Also, for the portal, we are soliciting links to LEOS-related research programs around the world. Already, there are two links to research sites in the US and the UK related to lasers in optics. We would like to post the up-to-date links to other programs that you submit. The Optoelectronics Industry Development Association just completed a third survey of university research programs in North America (2001 University Research Survey, OIDA, 2001). They identified nearly 400 professors engaged in photonics research for their survey. Since most academic programs now have a website, it would be a useful member service to have all those, and the rest from around the world, linked with the LEOS portal. It is interesting to note from the survey that 66% of the respondents are members of LEOS (a higher percentage than for any other organization) and 27% report that they play an active role in the Society.
One task that the several LEOS Vice Presidents have is to appoint volunteers to various committees, boards, and positions. Often there are obvious and outstanding candidates who have volunteered for the roles. Yet sometimes, there are positions that go unfilled for lack of a suitable volunteer. One of my presidential self-assignments for the year was to broaden the net we use to find volunteers to help with the Society activities. I will be collecting a set of open positions and suggested qualifications for posting on the portal.
One reason that such a broader net is necessary is that the LEOS membership keeps increasing. In August, the membership passed the 9000 mark for the first time, a 22% year over year gain, and up 36% from 1999. The program that we instituted in May to increase the number of LEOS Associates through Chapters has had an apparently immediate response. The increase year-over-year for August was 138%, with nearly two-thirds of the increase in August alone.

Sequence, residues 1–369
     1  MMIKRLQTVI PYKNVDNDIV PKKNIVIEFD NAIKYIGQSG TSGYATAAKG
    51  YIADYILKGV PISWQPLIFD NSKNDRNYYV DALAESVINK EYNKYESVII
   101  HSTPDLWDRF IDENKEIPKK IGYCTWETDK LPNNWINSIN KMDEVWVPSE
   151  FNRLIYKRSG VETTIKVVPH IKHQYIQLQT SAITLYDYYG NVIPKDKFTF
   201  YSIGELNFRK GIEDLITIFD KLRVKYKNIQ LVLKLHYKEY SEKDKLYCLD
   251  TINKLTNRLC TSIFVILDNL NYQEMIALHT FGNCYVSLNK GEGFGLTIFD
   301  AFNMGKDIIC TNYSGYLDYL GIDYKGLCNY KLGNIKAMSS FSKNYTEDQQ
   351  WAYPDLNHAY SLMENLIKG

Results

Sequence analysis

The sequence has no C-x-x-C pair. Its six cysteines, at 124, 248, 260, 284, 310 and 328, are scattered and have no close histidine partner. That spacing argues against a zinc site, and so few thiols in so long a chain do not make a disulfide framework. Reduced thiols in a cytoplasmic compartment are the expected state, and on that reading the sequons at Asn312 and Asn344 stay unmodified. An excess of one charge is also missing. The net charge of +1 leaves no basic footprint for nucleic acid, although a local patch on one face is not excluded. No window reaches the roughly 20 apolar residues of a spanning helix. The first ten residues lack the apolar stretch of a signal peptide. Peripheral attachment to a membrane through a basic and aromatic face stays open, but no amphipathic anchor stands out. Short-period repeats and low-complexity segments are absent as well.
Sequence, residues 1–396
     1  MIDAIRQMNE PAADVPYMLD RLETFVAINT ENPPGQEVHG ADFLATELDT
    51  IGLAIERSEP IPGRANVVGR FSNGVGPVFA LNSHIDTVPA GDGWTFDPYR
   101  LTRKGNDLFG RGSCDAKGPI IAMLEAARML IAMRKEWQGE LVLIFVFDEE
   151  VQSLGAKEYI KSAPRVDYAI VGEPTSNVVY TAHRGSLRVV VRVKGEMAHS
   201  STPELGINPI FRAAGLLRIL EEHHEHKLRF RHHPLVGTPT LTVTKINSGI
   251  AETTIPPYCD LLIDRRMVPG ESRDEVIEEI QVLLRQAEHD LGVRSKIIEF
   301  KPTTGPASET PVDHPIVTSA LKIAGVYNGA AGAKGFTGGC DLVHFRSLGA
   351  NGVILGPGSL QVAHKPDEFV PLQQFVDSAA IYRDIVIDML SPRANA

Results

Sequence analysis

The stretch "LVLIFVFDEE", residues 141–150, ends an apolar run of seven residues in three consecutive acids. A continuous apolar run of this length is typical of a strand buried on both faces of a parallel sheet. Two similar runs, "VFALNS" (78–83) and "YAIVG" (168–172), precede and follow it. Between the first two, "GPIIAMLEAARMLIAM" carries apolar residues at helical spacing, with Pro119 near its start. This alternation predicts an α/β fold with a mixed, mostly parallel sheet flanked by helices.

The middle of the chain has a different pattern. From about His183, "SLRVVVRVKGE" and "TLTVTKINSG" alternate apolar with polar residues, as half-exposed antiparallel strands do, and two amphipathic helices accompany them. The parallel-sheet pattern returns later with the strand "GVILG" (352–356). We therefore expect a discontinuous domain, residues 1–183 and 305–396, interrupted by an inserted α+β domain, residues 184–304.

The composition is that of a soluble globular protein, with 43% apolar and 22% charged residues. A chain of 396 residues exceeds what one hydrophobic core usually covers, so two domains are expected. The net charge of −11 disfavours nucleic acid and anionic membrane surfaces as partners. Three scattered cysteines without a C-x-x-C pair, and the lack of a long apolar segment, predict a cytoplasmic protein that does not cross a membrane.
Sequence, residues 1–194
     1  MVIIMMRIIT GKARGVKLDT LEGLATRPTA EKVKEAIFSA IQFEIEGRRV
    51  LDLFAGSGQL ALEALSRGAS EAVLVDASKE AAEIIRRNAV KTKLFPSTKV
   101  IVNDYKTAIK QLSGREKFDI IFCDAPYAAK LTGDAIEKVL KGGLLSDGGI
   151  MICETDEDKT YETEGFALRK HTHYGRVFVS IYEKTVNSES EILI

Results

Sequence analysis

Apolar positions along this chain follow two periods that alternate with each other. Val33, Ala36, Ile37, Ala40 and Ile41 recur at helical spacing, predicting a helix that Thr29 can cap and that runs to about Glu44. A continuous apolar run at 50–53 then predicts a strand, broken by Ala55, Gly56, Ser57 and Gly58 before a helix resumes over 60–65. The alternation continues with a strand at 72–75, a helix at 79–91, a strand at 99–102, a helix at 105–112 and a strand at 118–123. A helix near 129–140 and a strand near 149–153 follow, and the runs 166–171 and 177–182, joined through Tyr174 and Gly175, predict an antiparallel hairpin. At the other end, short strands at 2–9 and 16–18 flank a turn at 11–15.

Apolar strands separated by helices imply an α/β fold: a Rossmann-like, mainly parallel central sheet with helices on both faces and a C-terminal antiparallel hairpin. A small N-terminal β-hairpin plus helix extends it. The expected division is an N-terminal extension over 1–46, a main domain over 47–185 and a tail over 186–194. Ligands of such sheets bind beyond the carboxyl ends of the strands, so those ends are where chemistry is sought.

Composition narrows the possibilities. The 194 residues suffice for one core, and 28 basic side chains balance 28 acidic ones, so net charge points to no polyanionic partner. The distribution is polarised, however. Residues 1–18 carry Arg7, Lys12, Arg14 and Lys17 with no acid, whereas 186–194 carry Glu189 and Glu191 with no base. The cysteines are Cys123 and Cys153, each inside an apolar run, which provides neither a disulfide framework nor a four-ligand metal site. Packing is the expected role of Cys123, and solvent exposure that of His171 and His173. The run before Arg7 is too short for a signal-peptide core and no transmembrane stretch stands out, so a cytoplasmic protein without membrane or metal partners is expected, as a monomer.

I hope that the value that LEOS provides will continue to be apparent and contribute to continued growth as one segment of our industry telecommunications continues to decline. Business Week reports in the September 17, 2001 issue that the prospects for recovery keep sliding out with time. One generally useful rule of thumb is that, in the absence of any other information, an event is likely to continue into the future for the same amount of time that it has been occurring up to that point. Without other information, the best likelihood estimate is that the present is not a preferred time, i.e., now falls a priori neither in the first nor second half of the event lifetime. (I even use the rule to gauge how long someone will be on the phone. If they have been on the phone only a minute, I wait. If they have been on for an hour, I dont. Of course, other information may not be absent, such as lunchtime is approaching or it was my teenager on the phone.) Business Week notes that early in the telecom recession, the decline was predicted to be of short duration. Now, nine or more months into the contraction, estimates for recovery are extending out for nine or more months. That might indicate an absence of other information.